While writing War and Peace, Tolstoy spared a few words for his diary: ‘I must write each day without fail, not so much for the success of the work, as in order not to get out of my routine.’ Patricia Highsmith wrote every day as well, first bribing herself with sugary coffee, cigarettes and a doughnut, and then in her later years slugging vodka upon waking to take the edge off the morning. Her biographer Andrew Wilson suggested that, ‘she had to avoid any sense of discipline and make the act of writing as pleasurable as possible’. Auden’s routine wasn’t dissimilar: Benzedrine in the morning, Seconal at night, with plenty of writing (and a few cocktails) in between. Many such examples can be found in Mason Currey’s fascinating collection Daily Rituals, How Artists Work. As he notes in his introduction, there’s a superficial quality to our obsession with such routines: ‘It’s about the circumstances of creative activity, not the product; it deals with manufacturing rather than meaning.’
Perhaps we believe that if we mimic the routine, some of the inspiration will rub off. The sanctity of the daily writing practice is emphasised on many creative writing courses, but we know it isn’t the whole story; whenever my students ask visiting speakers – often authors with numerous books or collections to their name – whether they write every day, their answers fall into two categories. The first is the slightly shamefaced admission (usually from those who also teach creative writing) that while it would probably be a good idea to write every day, it just doesn’t work out like that. The second answer is unequivocal: why on earth would you force yourself to write if you don’t have anything to say? Marilynne Robinson told the Paris Review, ‘I write when something makes a strong claim on me . . . but if there’s not something on my mind that I really want to write about, I tend to write something that I hate.’ Mason Currey also quotes David Foster Wallace in a radio interview: ‘Things are either going well or they’re not going well . . . the times I’m trying to build a routine are the times that the writing just seems futile or flagellating.’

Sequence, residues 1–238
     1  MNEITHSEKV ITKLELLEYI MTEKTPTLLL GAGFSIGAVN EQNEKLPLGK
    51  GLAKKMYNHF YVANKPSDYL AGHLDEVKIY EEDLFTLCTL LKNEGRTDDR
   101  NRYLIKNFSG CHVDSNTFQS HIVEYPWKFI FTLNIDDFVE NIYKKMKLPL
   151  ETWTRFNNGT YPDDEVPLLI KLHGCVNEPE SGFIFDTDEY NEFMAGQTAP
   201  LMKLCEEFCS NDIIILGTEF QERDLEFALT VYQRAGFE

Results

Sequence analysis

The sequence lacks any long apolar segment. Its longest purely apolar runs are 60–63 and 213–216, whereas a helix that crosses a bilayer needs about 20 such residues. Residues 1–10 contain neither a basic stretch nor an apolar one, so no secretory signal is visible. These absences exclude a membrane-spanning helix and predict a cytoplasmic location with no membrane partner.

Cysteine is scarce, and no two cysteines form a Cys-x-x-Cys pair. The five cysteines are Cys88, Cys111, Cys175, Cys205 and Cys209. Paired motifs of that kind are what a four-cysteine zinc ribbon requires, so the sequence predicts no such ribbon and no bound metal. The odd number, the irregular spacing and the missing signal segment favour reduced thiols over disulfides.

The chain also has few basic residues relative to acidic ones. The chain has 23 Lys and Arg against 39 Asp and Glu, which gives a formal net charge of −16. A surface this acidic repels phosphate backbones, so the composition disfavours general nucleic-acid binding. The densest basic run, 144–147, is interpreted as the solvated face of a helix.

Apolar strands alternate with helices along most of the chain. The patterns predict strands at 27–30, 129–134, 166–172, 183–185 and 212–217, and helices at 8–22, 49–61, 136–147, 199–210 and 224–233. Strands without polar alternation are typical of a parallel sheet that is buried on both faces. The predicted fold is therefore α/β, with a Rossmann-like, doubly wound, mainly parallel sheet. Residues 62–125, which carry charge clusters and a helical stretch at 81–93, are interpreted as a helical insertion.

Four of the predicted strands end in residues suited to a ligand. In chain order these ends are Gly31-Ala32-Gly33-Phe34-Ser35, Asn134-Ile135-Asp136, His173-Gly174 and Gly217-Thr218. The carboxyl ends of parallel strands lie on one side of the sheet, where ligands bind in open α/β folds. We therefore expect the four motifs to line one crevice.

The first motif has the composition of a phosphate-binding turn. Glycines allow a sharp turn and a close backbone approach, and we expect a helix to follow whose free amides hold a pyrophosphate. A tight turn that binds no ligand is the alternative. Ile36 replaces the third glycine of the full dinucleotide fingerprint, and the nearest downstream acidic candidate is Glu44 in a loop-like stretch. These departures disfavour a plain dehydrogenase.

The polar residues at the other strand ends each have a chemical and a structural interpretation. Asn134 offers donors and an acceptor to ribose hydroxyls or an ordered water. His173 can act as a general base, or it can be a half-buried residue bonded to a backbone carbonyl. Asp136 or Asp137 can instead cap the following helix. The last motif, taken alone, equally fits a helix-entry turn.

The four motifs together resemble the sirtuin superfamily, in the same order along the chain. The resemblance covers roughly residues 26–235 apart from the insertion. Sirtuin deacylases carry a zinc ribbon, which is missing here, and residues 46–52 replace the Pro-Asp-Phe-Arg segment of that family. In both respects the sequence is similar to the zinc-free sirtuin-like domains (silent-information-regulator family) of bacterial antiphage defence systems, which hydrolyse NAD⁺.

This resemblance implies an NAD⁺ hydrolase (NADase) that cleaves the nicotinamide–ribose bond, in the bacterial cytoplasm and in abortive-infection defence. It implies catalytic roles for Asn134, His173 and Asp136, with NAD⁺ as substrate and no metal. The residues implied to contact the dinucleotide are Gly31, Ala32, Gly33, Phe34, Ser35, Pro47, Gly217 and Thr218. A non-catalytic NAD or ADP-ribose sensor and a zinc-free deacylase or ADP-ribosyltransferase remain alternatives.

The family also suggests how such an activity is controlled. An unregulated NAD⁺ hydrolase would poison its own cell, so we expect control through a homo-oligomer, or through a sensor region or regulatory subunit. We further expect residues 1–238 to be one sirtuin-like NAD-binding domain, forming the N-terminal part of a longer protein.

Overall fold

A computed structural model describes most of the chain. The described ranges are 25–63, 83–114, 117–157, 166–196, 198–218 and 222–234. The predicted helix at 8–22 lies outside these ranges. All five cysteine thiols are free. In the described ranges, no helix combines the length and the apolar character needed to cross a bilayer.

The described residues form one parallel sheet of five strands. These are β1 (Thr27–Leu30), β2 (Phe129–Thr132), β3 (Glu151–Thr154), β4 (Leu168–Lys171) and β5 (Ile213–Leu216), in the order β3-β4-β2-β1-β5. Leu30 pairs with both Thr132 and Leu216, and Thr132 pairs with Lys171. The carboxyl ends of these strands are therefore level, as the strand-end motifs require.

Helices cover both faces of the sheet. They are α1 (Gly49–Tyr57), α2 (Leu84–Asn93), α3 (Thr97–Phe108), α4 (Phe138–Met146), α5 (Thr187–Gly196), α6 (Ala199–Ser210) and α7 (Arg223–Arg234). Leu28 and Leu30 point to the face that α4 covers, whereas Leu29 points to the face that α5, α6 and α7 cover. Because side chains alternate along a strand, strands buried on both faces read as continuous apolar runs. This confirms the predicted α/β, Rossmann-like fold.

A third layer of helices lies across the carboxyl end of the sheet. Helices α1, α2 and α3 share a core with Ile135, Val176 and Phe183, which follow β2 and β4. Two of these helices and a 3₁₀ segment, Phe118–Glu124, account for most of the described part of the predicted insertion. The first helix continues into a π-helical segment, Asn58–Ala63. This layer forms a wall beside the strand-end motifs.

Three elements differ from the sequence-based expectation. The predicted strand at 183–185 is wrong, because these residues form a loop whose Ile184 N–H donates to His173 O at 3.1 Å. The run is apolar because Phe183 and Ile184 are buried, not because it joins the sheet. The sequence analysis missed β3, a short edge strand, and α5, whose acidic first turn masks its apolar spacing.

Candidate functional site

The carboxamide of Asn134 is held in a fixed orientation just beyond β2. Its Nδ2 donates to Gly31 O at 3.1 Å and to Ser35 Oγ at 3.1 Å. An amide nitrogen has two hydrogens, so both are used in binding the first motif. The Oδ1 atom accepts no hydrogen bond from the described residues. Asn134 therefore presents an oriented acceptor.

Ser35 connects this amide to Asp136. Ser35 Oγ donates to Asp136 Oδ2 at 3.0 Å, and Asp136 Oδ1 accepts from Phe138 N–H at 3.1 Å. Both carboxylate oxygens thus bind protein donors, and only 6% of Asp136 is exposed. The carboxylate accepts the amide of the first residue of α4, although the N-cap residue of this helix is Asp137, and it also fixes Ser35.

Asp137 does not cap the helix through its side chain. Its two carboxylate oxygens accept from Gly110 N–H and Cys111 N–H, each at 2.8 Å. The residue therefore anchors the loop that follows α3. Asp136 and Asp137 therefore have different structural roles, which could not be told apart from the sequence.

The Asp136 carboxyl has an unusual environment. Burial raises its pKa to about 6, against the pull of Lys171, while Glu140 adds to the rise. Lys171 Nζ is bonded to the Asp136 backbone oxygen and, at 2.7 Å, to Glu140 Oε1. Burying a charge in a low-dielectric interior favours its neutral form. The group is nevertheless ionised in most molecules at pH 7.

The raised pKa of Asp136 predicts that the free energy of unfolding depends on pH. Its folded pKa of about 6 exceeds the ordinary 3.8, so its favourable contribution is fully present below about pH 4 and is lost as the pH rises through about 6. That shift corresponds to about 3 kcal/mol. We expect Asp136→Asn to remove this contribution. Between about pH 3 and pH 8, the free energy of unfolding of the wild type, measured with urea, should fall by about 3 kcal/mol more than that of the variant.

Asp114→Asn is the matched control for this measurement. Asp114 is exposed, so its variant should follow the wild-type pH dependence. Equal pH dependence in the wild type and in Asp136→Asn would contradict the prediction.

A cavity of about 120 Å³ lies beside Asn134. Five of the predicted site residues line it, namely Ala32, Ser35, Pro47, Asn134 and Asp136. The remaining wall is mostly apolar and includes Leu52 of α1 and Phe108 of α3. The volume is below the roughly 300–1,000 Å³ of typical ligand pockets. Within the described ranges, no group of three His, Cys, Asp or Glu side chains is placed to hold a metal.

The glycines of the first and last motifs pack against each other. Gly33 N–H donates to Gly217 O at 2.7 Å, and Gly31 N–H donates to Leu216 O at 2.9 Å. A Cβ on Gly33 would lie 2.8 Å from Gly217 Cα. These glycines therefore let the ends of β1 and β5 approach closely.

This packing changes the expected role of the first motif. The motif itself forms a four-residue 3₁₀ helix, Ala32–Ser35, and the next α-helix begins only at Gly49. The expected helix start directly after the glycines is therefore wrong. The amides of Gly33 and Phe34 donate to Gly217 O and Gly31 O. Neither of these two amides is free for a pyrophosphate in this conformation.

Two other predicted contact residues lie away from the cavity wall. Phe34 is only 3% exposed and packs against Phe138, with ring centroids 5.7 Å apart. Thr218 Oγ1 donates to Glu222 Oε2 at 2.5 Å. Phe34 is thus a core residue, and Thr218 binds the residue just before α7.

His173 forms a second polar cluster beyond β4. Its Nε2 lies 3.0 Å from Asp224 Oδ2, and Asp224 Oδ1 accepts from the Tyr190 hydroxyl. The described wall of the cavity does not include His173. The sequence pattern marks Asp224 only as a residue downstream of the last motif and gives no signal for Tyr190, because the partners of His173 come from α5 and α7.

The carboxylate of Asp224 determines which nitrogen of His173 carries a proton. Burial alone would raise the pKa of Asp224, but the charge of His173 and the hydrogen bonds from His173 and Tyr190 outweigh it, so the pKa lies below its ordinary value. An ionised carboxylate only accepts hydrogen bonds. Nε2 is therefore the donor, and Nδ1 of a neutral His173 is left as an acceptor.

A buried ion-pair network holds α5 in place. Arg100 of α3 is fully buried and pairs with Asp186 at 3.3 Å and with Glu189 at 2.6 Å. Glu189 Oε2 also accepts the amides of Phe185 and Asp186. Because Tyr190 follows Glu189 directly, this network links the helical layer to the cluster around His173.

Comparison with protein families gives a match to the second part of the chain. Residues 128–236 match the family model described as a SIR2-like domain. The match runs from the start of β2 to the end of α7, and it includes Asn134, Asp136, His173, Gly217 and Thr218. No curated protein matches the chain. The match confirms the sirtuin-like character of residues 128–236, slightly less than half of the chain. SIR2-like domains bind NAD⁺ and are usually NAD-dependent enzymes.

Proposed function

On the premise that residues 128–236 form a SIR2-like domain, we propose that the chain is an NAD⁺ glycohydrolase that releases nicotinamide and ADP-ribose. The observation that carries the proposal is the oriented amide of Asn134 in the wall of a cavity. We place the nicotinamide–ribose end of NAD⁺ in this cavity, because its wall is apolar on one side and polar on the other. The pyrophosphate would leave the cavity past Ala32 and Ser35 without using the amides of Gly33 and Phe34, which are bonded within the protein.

Most writers would agree. But what if you were not only setting the routine, but committing to writing something completely new every day? And not just making a start, or even hitting a target word count, but finishing a story? This is the experiment that James Robertson conducted in 2013: to see if he could write a complete short story every single day for a year, thus producing 365 stories, with the additional constraint that each one would be 365 words long. Impressively, and despite ‘some anxious moments on days which seemed reluctant to reveal and release their stories,’ he succeeded. The results were published on the Five Dials website and are now collected in a volume called, unsurprisingly, 365 Stories.
There are fairytales, ghost stories, political satires and reworked ballads. Memories and dreams are recounted, along with anecdotes and points of interest. Sequences emerge and various characters recur. Once upon a time there was a boy called Jack, and we meet him time and again, seeking his fortune, looking for love, attempting to trick death. Death himself appears, on one occasion going to his doctor to complain of ‘constant lethargy, stress and an overwhelming sense of doom’. Amongst tales with the timeless quality of myth and postmodern metafictions, we find the topical concerns of the year – the Rana Plaza disaster, the bedroom tax – and stories in memoriam of friends now gone, such as Iain Banks. There is even an Oulipian experiment, albeit an easy one: following the N + 7 formula, all the nouns in the previous story are replaced with the noun seven words down in an English-Gaelic dictionary, to hilarious effect.
Many of the strongest stories share a sense of the narrator apprehending something that comes close to numinous – a roe deer, a white hind – and letting time slow and quieten so that she or he may, ‘sit and watch for as long as it takes to sit and watch’. Even the potentially sleazy, a drunken hand clasp with a colleague on an office night out, has the potential to be transformative, to reveal something about the possibility or impossibility of human connection: ‘You know that it means something, but what? . . . Neither of you will ever feel this again.’ Such pieces show Robertson’s mastery of the form, and make us think beyond the confines of the story itself. In one, the fictional extinction of elephants leads to documentaries akin to ‘wildlife porn’ on the internet, viewed until, ‘You wished you didn’t recognise what you were watching. You wished you didn’t know that such a creature as an elephant had ever existed.’